"With regards to the formal investigation, no," said Nightingale. "But where children are concerned, we have certain responsibilities."

There were two of them, both girls, both aged eleven, both missing from two separate family homes in the same village in north Herefordshire. The first 999 call had been just after nine o'clock the previous morning, and it first hit media attention in the evening when the girls' mobile phones were found at a local ? about ? meters from their home. Overnight it went from local to national, and, according to the Today program, large-scale searches were due to commence this morning.

I knew the Folly has actual responsiblities in the sort of de facto, under the table way that nobody likes to talk about, but I couldn't see how this related to missing kids.

"Regrettably in the past," said Nightingale, "children were occasionally used in the practice of," he groped around for the right term, "unethical types of magic. It's always been our policy to keep an eye on missing child cases, and where necessary, check to make sure that certain individuals in the proximity are not involved."

"Certain individuals?" I asked.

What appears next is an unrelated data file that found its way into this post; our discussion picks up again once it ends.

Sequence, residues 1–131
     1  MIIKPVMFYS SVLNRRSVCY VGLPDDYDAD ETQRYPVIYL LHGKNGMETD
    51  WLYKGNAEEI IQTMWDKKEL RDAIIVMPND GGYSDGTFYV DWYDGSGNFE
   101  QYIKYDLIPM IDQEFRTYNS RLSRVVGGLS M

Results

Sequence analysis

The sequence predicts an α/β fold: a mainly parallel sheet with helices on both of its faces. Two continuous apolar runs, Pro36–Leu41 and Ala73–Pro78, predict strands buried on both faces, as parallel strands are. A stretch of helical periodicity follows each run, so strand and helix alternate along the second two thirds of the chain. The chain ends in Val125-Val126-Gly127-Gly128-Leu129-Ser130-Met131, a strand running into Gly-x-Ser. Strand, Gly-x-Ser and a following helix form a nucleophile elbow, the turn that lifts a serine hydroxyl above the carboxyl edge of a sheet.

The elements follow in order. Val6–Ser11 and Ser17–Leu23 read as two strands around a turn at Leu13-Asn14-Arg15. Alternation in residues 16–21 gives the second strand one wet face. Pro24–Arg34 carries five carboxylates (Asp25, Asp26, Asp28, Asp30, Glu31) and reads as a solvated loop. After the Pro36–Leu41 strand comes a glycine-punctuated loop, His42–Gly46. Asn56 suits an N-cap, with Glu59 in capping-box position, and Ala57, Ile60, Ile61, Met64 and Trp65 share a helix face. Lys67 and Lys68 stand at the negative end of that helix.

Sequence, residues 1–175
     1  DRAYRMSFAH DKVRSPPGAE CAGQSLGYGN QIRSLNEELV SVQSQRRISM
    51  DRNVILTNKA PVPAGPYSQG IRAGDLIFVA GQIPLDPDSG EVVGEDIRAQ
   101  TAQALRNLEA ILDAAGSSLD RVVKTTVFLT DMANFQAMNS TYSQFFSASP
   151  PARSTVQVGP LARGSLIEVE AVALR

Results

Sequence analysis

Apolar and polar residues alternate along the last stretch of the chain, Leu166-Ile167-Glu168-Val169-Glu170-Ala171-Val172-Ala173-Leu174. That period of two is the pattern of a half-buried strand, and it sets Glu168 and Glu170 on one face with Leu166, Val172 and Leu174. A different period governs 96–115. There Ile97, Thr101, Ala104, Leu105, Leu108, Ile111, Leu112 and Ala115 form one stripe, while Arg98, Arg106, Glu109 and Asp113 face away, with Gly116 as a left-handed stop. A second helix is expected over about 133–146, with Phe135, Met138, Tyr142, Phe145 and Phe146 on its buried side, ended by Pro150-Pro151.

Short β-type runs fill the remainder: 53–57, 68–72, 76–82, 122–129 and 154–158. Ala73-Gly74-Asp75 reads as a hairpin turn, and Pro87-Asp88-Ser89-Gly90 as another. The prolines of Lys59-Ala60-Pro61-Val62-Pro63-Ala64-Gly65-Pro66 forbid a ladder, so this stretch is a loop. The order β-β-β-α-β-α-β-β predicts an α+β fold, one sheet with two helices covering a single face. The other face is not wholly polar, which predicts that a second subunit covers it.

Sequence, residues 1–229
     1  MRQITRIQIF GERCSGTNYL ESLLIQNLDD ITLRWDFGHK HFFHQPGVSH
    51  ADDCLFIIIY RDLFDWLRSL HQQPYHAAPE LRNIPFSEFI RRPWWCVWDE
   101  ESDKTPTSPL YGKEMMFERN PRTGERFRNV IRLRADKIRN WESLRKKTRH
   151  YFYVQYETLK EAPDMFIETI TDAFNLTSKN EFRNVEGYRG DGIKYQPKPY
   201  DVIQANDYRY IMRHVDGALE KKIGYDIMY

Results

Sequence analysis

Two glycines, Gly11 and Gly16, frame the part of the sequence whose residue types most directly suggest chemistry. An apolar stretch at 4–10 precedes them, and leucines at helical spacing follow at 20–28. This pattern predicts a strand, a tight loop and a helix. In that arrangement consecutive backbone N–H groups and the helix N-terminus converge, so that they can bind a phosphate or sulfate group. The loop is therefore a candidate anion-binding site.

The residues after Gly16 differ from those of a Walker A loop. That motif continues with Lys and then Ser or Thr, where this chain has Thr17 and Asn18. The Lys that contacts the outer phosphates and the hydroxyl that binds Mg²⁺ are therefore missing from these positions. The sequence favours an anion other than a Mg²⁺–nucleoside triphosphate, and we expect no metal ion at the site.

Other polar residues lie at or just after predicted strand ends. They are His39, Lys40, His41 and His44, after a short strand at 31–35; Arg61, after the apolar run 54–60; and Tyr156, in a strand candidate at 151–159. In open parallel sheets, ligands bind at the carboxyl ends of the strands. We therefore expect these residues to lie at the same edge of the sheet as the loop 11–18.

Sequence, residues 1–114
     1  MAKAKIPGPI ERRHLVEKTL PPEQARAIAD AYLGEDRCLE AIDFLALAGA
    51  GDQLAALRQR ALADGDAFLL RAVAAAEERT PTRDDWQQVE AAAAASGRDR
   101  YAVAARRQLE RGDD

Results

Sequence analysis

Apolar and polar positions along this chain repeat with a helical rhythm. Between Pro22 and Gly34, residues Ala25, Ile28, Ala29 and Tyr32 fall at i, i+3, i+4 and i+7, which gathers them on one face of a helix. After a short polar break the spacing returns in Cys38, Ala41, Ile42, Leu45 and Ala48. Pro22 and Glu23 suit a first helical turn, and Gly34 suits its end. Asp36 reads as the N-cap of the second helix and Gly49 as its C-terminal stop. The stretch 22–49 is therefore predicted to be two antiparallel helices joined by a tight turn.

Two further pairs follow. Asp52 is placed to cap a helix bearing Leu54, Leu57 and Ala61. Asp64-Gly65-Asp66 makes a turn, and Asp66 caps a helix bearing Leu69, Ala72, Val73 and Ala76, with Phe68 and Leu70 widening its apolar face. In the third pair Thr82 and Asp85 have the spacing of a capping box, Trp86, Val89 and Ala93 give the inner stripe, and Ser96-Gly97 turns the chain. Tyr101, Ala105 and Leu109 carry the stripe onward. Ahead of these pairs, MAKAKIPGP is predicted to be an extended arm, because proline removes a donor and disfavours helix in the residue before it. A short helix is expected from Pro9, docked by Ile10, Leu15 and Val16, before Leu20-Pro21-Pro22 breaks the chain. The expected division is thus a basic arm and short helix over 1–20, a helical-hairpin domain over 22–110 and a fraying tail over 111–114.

"Hedge wizards and the like," he said.

In the Folly parlance, a hedge wizard was any magical practitioner who'd either picked up their skills ad hoc from outside the Folly, or who had retired to seclusion in the countryside. What Nightingale called 'rusticated'. We both looked over to where Varvara Sidorovna Tamonina, formerly of the 365th Special Regiment of the Red Army, was sitting at a table on the other side of the breakfast room, drinking black coffee and reading 'Cosmopolitan'. Varvara Sidorovna, trained by the Red Army, definitely fell into the 'and the like' category, but since she'd been lodging with us while awaiting trial for the last two months, she, at least, was unlikely to be involved.

Amazingly, Varvara had appeared for breakfast before me, and looking bright-eyed for a woman I'd seen put away the best part of two bottles of vodka the night before. We'd been trying to get her drunk in the hope of prising more information on the Faceles Man out of her, but we'd got nothing except some really disgusting jokes, many of which didn't translate very well. Still, the vodka had knocked me out handily, and I'd got most of a night's sleep.

"So like ViSOR?" I said.

"Is that the list of sex offenders?" said Nightingale, who wisely never bothered to memorise an acronym until it had lasted for at least ten years.

I told him it was, and he considered the question while pouring another cup of tea.

"Better to think of ours as a register of 'vulnerable' people," he said. "Our task in this instance is to ensure they haven't become entangled in something they may later regret."

"D'you think it's likely in this case?" I asked.

"Not terribly likely, no," said Nightingale, "but it's always better to err on the side of caution in these matters, and besides," he smiled, "it will do you good to get out of the city for a couple of days."